Historic Colored Women’s Club still growing

February 25, 2016 in News

By Natalie Bell

Contributing Writer

The Eureka Arts Federated Club, a Prentiss unit of the National Association of Colored Women’s Clubs, inducted new members Queen Ester Sutton, Minnie Magee and Maxie Laird at a ceremony held Feb. 20. Photos by Natalie Bell

The Eureka Arts Federated Club, a Prentiss unit of the National Association of Colored Women’s Clubs, inducted new members Queen Ester Sutton, Minnie Magee and Maxie Laird at a ceremony held Feb. 20. Photos by Natalie Bell

Like their “colored,” educated and middle-class forerunners, who saw that they were no better than anyone else until the whole race of black people worked together to pull one another up, new inductees of the National Association of Colored Women Clubs continue to pick up and proclaim the club’s motto: “Lifting as we climb.”

Established in 1896, NACWC is the nation’s oldest African-American civic organization and in 2010 still reigned among the country’s top 10 non-profit organizations, according to Ebony magazine.

On Feb. 20, the Eureka Arts Federated Club, of Prentiss – a unit of the Mississippi State Federation of Colored Women’s Clubs, as well as the NACWC – inducted new members: Queen Ester Sutton, Minnie Magee and Maxie Laird, all from the Prentiss area.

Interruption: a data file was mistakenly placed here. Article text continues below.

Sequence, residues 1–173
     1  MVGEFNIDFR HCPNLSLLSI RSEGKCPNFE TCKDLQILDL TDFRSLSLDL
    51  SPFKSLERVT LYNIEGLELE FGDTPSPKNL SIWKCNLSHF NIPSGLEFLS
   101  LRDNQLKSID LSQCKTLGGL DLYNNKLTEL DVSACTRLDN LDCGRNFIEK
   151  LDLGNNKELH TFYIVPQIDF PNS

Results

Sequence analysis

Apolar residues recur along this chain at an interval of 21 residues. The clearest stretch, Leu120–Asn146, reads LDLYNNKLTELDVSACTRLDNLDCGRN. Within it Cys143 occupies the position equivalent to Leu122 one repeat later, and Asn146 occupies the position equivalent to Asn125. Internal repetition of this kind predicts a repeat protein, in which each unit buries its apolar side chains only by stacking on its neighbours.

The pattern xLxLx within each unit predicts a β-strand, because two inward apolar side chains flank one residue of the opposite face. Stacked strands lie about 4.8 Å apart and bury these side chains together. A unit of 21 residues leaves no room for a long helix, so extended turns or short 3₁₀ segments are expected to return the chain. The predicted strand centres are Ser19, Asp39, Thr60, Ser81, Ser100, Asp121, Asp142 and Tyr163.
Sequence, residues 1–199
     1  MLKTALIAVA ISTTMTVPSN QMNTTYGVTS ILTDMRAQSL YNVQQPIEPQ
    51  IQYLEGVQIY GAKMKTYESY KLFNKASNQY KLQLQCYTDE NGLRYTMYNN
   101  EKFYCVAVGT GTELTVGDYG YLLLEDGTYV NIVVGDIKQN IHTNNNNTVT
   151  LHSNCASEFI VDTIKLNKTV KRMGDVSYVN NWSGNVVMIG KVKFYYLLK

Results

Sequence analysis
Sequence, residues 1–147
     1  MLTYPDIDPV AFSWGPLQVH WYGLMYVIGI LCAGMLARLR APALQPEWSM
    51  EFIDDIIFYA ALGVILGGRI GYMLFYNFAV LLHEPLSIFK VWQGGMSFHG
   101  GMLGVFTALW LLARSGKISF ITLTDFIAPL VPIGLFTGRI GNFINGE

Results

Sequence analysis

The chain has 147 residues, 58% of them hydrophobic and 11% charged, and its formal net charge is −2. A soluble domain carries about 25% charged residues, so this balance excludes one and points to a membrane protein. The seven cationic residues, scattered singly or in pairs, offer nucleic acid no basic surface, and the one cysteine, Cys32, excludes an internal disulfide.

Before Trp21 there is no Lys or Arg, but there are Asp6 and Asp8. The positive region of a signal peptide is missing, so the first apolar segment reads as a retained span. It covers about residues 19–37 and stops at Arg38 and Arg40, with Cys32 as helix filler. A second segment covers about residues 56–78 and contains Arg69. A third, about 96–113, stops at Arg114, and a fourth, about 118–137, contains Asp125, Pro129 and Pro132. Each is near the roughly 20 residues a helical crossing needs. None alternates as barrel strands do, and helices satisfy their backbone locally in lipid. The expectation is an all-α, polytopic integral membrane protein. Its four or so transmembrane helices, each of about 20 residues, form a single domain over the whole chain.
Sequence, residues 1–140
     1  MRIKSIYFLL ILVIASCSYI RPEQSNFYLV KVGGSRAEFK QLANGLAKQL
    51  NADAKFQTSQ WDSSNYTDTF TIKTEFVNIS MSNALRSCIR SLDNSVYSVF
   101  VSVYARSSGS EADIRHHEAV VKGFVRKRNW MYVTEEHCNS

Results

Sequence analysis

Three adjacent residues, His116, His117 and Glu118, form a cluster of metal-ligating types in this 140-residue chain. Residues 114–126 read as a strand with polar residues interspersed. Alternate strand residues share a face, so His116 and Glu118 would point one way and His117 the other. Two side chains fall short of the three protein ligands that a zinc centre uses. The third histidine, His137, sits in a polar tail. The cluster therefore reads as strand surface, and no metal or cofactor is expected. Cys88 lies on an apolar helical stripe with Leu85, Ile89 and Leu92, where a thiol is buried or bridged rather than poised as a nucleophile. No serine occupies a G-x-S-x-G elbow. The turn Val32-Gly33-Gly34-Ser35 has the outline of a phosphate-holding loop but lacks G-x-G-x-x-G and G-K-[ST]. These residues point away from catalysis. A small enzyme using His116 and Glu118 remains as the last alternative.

The ceremony, held at Lucas Tabernacle Church of Prentiss, was part of a program honoring Eureka Arts founder, Bertha L. Johnson, who started the local club in in 1927. Johnson was also co-founder and second president of Prentiss Institute. Moreover, she was the first Mississippian to serve as president of the southeastern regional association of Colored Women’s Clubs. She also headed the business department of the national organization.

The Feb. 20, program in Prentiss also saluted black-owned businesses, acknowledging and showing appreciation for their service to the Jefferson Davis County community and surrounding areas.

The program also recognized African Americans who have shaped local and national history. The former group included Joella Moore, a widely respected midwife in the first half of the 20th Century, in Jeff Davis County, whose image was captured by news photographers and sent all over the world, when she became the first black person to vote following passage of the 1965 Voting Rights Act in Prentiss.

Pictures of Moore, who is now deceased, were displayed at the program, alongside black artwork, books, antique dolls and hats. Her youngest son, 82-year-old Curtis Moore, who still lives in the area, said his mother’s midwifery work kept her away from home sometimes for 11 or 12 days. “The whole time an expecting mother was in labor, my mother was there with her,” said Moore. “She would lay down and go to sleep for two or three hours – and then get up to go about doing her work.”

Two of Moore’s granddaughters are members of the Eureka Arts Club, twin sisters LaWanda Formisano and LaMildred Oatis.

“She never lost a baby,” said Formisano, of her grandmother, adding, “Now, that’s saying something.”

Club member Ernestine Bridges presents Joephuse Laird, owner of Laird Mortuary, a certificate of appreciation.

Club member Ernestine Bridges presents Joephuse Laird, owner of Laird Mortuary, a certificate of appreciation.

A photo of Joella Moore was on display at the program

A photo of Joella Moore was on display at the program